“How do you beat your enemy unless you fire your weapon at him? You fire and you advance–hell, that’s combat, that’s it.”
It’s December, 1944, and within the span of twenty days, an eighteen-year-old boy turns from green combat replacement into battle-hardened veteran. The things he sees, the actions in which he engages, forever change Private Everett Hackermeyer. The young American questions life, questions death, and questions just what the hell he’s doing mere miles outside the fictional German town of Saarbach.
It’s been awhile since I’ve read a book that chokes me up, but as I neared the end of The Beardless Warriors, it took some effort to hold back the tears. Richard Matheson, probably best known for his science fiction work (I Am Legend as well as writing for film and television), strung together the right words to cement the gravity of the material.
Young Hackermeyer joins a squad of fellow beardless warriors, each with their own distinct personalities, fears, and backgrounds. We see some fall to appendicitis and exploding mortars. We also see some make it through, though hardly unscathed. One thing is for certain: everyone is remade by the events.
The relationship between Hackermeyer and his proto-father, Sergeant Cooley, is one that will be hard to forget. Maybe it sparked thoughts of my relationship with my own father (a Vietnam veteran), or reflections of my journey into fatherhood. Whatever the reason, even as I write this review, the power of Matheson’s story still haunt me. I can only imagine experiencing what these soldiers did, and I hope that I will only have to imagine it. I’m no longer of that ripe combat age, but it does make me nervous for my son’s future.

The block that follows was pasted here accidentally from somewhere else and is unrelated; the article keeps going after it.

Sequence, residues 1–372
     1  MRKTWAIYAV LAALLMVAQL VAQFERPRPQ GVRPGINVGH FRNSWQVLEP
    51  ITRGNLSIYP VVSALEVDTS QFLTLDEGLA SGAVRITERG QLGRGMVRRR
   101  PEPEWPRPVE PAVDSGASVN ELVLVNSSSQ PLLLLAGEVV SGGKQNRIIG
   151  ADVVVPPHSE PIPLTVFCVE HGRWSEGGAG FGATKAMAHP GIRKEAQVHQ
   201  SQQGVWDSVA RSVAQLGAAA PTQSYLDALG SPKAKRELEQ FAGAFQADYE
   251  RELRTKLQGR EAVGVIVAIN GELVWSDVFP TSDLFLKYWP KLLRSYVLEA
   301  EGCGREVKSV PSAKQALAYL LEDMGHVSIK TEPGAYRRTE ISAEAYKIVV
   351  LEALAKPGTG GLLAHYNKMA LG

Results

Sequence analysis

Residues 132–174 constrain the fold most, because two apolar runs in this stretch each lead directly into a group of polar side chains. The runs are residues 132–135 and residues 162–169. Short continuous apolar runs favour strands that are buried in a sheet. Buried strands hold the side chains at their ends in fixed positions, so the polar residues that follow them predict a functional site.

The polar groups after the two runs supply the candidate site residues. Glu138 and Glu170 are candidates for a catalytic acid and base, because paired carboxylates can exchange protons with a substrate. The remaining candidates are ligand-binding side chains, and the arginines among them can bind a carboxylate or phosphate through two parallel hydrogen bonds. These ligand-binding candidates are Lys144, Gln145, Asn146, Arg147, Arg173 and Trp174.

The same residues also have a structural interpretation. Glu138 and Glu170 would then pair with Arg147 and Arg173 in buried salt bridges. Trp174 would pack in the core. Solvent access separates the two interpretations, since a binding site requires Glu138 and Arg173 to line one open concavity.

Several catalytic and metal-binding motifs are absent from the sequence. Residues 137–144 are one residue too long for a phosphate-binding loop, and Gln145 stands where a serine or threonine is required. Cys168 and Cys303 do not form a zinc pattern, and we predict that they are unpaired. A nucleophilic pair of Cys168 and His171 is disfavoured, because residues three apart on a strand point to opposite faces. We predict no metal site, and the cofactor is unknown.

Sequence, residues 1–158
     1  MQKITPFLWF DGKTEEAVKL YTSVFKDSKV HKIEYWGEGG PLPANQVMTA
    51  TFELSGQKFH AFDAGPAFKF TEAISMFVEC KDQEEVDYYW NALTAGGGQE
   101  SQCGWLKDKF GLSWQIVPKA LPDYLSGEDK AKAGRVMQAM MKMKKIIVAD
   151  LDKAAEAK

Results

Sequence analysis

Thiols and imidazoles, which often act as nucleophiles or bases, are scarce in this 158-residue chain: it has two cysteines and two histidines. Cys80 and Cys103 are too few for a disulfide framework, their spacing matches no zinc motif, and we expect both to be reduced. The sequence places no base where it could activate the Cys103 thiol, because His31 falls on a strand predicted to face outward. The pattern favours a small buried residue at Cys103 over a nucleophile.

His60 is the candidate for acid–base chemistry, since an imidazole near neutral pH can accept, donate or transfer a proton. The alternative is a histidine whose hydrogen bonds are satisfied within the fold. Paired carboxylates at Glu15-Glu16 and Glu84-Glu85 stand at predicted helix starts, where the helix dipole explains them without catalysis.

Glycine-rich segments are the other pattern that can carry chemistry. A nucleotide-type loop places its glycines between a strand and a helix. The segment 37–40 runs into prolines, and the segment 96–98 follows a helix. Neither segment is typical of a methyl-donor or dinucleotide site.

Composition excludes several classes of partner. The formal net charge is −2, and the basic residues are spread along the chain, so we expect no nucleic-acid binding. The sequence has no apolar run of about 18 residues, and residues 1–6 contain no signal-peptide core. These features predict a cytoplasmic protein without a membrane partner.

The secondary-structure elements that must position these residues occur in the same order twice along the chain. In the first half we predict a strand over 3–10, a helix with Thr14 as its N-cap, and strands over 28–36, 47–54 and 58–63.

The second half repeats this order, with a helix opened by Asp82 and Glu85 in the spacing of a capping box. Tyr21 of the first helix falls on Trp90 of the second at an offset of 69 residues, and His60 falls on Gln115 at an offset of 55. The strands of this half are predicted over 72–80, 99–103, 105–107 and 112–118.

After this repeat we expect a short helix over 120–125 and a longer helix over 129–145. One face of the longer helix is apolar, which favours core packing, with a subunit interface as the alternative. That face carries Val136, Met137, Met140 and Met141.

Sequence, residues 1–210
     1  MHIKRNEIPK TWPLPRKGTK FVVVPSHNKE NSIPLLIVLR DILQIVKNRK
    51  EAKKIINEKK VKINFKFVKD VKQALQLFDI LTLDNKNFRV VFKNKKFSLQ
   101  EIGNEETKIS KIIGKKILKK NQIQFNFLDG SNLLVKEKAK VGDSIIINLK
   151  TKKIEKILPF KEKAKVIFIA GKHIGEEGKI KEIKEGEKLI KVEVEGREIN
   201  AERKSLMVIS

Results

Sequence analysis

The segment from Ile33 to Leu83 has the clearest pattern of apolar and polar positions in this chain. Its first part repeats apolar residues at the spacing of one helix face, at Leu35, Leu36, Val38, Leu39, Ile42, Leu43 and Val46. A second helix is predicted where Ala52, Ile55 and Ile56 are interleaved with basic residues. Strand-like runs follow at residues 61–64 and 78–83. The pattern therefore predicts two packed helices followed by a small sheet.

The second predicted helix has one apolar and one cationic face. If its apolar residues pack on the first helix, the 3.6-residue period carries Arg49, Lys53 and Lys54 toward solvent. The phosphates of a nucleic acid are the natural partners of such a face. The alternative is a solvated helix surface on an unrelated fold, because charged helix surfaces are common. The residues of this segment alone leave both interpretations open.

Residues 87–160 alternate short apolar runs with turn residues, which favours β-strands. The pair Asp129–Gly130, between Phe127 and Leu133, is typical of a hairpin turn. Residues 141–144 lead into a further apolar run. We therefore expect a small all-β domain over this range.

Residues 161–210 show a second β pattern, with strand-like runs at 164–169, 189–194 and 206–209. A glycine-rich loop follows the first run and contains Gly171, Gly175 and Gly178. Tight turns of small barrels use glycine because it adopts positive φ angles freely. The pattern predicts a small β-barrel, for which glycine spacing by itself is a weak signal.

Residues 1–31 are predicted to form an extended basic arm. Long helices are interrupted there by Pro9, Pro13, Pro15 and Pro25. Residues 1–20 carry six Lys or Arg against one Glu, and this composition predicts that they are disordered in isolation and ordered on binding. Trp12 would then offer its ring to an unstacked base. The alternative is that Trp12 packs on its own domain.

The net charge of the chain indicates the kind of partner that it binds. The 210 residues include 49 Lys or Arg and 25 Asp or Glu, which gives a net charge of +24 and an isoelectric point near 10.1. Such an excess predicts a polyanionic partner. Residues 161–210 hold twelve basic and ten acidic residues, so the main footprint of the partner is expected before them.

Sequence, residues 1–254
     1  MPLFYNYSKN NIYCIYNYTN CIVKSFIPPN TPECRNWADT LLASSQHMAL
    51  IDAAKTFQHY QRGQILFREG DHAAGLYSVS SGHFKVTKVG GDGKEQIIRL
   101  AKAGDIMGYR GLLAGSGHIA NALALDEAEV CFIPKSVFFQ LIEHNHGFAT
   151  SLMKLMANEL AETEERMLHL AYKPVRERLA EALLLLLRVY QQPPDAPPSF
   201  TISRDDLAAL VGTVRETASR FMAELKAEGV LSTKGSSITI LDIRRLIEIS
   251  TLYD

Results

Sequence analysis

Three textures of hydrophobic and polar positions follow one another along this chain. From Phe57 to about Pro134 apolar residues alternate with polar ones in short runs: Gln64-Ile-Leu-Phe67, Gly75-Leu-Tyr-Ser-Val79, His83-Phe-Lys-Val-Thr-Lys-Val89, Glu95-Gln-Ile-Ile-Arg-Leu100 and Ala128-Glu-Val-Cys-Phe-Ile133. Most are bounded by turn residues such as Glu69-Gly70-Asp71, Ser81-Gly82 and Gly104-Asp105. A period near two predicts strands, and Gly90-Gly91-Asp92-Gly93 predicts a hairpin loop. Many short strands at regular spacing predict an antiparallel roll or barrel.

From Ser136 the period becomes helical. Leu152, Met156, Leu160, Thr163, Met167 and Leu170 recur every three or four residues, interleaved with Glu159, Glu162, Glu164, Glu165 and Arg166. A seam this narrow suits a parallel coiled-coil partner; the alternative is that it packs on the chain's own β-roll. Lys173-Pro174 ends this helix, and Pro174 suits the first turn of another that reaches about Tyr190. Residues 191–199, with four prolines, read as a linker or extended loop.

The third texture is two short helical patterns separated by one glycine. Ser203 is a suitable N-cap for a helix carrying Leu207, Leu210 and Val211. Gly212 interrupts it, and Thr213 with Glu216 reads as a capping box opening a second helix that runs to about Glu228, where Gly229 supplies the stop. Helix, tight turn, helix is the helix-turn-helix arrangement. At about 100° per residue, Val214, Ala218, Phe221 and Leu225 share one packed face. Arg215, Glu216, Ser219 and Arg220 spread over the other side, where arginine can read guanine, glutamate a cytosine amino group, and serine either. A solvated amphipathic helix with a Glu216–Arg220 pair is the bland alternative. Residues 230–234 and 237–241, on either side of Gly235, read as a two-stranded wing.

Don’t get me wrong. I’m not a pacifist and neither is Matheson, but the horrors of war are real and it may be that The Beardless Warriors is the author’s way of spreading his own experiences to those who may be privileged enough to live far from those realities. It did, after all, take him fifteen years after his own experiences to write this.
If you’re looking for a breezy read, you’ll probably want to look elsewhere. But this book was powerful. I can’t recommend it enough for those that want a page-turning, fictional experience.
Fun links to learn more:
- My highly informal, yet somehow highly formal, book notes.
- The Mooresville, Indiana public library actually made a book trailer for The Beardless Warriors!